Study findings show 5% of men diagnosed with prostate cancer accounted for 26% of the total cost of care for all men diagnosed in 2009 (Urol Oncol. 2021;39:130.e17-130.e24. doi:10.1016/j.urolonc.2020.09.033).
“Prostate cancer ranks among the top 5 cancers in contribution to national expenditures. Previous reports have identified that 5% of the population accounts for 50% of the nation's annual health care spending,” wrote Maxine Sun, PhD, Department of Urology, Brigham and Women's Hospital (Boston, MA), and colleagues.
This study aimed to investigate determinants and health care resource utilization (HCRU) of high-resource patients with prostate cancer.
Using the SEER database, researchers identified men with a primary diagnosis of prostate cancer in 2009. High-resource patients were defined as the top 5% of the sum of total cost incurred for all services rendered per beneficiary.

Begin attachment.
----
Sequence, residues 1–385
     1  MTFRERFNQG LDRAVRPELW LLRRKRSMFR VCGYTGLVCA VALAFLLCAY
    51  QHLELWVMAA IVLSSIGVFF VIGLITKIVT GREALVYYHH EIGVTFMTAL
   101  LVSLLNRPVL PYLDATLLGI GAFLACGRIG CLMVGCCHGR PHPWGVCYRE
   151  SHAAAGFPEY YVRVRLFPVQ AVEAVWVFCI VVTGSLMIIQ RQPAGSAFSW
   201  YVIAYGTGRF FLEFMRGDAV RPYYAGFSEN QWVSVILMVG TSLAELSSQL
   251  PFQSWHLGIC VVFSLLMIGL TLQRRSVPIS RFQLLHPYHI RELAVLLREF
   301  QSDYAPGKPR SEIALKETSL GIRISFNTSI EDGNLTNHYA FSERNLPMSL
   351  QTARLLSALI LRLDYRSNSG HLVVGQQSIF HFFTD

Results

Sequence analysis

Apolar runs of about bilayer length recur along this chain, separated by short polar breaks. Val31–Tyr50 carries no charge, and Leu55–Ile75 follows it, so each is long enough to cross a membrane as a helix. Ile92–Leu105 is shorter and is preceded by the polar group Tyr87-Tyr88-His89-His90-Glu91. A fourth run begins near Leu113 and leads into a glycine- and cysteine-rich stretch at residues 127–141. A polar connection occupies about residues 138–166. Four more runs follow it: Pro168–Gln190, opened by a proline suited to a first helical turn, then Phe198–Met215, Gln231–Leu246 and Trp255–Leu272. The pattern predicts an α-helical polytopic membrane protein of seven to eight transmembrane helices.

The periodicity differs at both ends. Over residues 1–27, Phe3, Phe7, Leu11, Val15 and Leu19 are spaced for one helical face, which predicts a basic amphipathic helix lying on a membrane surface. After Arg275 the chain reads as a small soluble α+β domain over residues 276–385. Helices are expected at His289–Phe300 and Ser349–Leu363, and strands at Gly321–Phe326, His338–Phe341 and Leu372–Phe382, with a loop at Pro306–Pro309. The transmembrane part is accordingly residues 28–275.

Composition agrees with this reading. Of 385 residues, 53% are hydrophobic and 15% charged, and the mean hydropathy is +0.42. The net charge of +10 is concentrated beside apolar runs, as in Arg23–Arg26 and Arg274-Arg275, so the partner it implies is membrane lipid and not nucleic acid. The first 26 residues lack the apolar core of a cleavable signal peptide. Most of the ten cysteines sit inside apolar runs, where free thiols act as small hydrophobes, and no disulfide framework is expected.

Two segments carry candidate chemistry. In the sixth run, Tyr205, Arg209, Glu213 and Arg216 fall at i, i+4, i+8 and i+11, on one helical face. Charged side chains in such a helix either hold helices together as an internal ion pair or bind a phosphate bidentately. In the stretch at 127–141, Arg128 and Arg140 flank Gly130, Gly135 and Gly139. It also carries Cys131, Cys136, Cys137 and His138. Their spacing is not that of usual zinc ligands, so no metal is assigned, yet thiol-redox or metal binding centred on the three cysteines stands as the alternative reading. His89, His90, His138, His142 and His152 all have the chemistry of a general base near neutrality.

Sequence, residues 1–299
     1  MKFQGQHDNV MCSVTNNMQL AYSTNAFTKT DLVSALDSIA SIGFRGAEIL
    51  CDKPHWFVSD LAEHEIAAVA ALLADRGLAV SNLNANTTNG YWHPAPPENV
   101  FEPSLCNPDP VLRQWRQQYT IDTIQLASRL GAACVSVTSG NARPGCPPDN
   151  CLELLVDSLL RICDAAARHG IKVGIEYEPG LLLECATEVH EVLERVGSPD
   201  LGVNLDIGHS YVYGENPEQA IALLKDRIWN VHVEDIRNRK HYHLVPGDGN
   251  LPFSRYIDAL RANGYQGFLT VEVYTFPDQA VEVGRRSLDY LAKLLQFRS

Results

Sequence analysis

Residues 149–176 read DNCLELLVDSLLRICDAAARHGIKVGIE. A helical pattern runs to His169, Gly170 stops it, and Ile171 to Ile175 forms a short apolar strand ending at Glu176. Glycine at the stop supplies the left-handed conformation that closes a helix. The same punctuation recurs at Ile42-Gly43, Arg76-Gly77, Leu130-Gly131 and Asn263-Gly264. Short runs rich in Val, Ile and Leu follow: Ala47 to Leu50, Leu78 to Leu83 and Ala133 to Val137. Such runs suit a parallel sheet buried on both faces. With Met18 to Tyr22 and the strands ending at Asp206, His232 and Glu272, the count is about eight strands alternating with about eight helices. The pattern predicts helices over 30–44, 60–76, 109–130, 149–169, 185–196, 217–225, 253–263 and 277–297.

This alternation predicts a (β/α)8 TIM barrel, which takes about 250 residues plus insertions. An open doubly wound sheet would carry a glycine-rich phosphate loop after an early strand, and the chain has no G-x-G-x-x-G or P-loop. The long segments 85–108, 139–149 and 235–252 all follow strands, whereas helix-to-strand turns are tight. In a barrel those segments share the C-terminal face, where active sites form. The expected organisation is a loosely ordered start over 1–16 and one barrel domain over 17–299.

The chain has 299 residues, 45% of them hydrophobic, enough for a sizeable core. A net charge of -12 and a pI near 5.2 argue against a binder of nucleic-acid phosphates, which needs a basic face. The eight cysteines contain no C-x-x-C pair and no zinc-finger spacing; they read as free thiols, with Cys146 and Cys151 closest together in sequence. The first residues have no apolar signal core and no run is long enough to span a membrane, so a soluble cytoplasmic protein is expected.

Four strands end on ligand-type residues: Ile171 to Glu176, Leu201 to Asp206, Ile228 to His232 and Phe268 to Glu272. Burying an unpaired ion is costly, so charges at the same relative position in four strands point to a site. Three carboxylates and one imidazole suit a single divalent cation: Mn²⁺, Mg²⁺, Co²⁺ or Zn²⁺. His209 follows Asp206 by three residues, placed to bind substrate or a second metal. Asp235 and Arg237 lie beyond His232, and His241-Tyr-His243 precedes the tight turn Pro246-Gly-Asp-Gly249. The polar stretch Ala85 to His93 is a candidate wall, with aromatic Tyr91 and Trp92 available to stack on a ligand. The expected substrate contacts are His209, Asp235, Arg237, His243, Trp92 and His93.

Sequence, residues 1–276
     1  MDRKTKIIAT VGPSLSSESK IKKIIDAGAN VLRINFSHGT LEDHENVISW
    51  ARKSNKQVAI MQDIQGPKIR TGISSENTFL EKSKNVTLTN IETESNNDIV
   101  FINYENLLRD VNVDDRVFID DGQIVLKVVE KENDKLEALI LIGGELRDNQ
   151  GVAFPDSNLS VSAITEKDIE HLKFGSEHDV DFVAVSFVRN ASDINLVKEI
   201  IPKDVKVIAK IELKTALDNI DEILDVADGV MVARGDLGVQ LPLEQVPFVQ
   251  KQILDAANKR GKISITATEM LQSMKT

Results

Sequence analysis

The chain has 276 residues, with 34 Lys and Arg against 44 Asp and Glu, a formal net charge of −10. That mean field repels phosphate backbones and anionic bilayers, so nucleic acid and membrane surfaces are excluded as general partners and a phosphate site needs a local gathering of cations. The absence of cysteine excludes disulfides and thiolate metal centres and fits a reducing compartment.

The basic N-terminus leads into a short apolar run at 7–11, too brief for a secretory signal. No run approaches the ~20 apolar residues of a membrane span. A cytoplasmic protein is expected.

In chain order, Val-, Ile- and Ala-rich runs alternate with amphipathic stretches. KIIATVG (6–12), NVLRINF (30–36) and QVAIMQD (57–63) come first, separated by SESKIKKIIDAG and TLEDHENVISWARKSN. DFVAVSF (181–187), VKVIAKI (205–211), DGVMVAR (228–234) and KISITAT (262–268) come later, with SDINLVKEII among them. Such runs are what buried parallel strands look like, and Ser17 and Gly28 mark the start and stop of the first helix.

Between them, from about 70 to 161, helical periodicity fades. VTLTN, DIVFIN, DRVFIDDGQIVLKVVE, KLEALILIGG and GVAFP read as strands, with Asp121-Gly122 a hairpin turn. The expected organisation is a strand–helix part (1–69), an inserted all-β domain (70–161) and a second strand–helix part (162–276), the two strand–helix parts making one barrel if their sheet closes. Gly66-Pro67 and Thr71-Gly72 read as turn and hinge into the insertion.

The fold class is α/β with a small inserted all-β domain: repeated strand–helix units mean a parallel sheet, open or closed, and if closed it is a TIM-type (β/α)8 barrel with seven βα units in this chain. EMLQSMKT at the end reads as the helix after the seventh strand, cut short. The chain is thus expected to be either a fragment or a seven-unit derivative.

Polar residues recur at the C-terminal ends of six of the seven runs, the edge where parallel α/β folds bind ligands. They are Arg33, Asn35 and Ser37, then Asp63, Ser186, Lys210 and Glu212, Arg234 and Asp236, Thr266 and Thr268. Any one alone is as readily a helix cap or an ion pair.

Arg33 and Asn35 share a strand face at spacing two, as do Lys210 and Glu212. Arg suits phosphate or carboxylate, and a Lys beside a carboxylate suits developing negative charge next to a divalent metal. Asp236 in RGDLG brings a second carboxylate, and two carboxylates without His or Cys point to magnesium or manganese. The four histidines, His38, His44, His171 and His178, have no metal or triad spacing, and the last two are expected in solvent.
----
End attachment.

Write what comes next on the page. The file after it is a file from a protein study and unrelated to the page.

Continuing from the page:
A total of 12,875 men were identified, 646 of whom were top 5% high-resource patients. This top 5% spent $62,474,504, comprising 26% of total costs of prostate cancer treatment in 2009. The average cost for a patient who was included in the top 5% was $96,710, while the average spent for a patient among the bottom 95% was $14,664.
Determinants of being a high-resource patient included older age, Charlson Comorbidity Index ≥2, and advanced disease. Of the patients included in the top 5%, 210 (32.5%) died within 1 year of diagnosis compared with 606 (5%) in the bottom 95%.
“[5%] of men diagnosed with [prostate cancer] bore 26% of the total cost incurred for all men diagnosed with the disease in 2009,” concluded Dr Sun and colleagues.
“Multidisciplinary care and shared decision-making is encouraged for such patients to better manage cost and quality of care,” they said.—Marta Rybczynski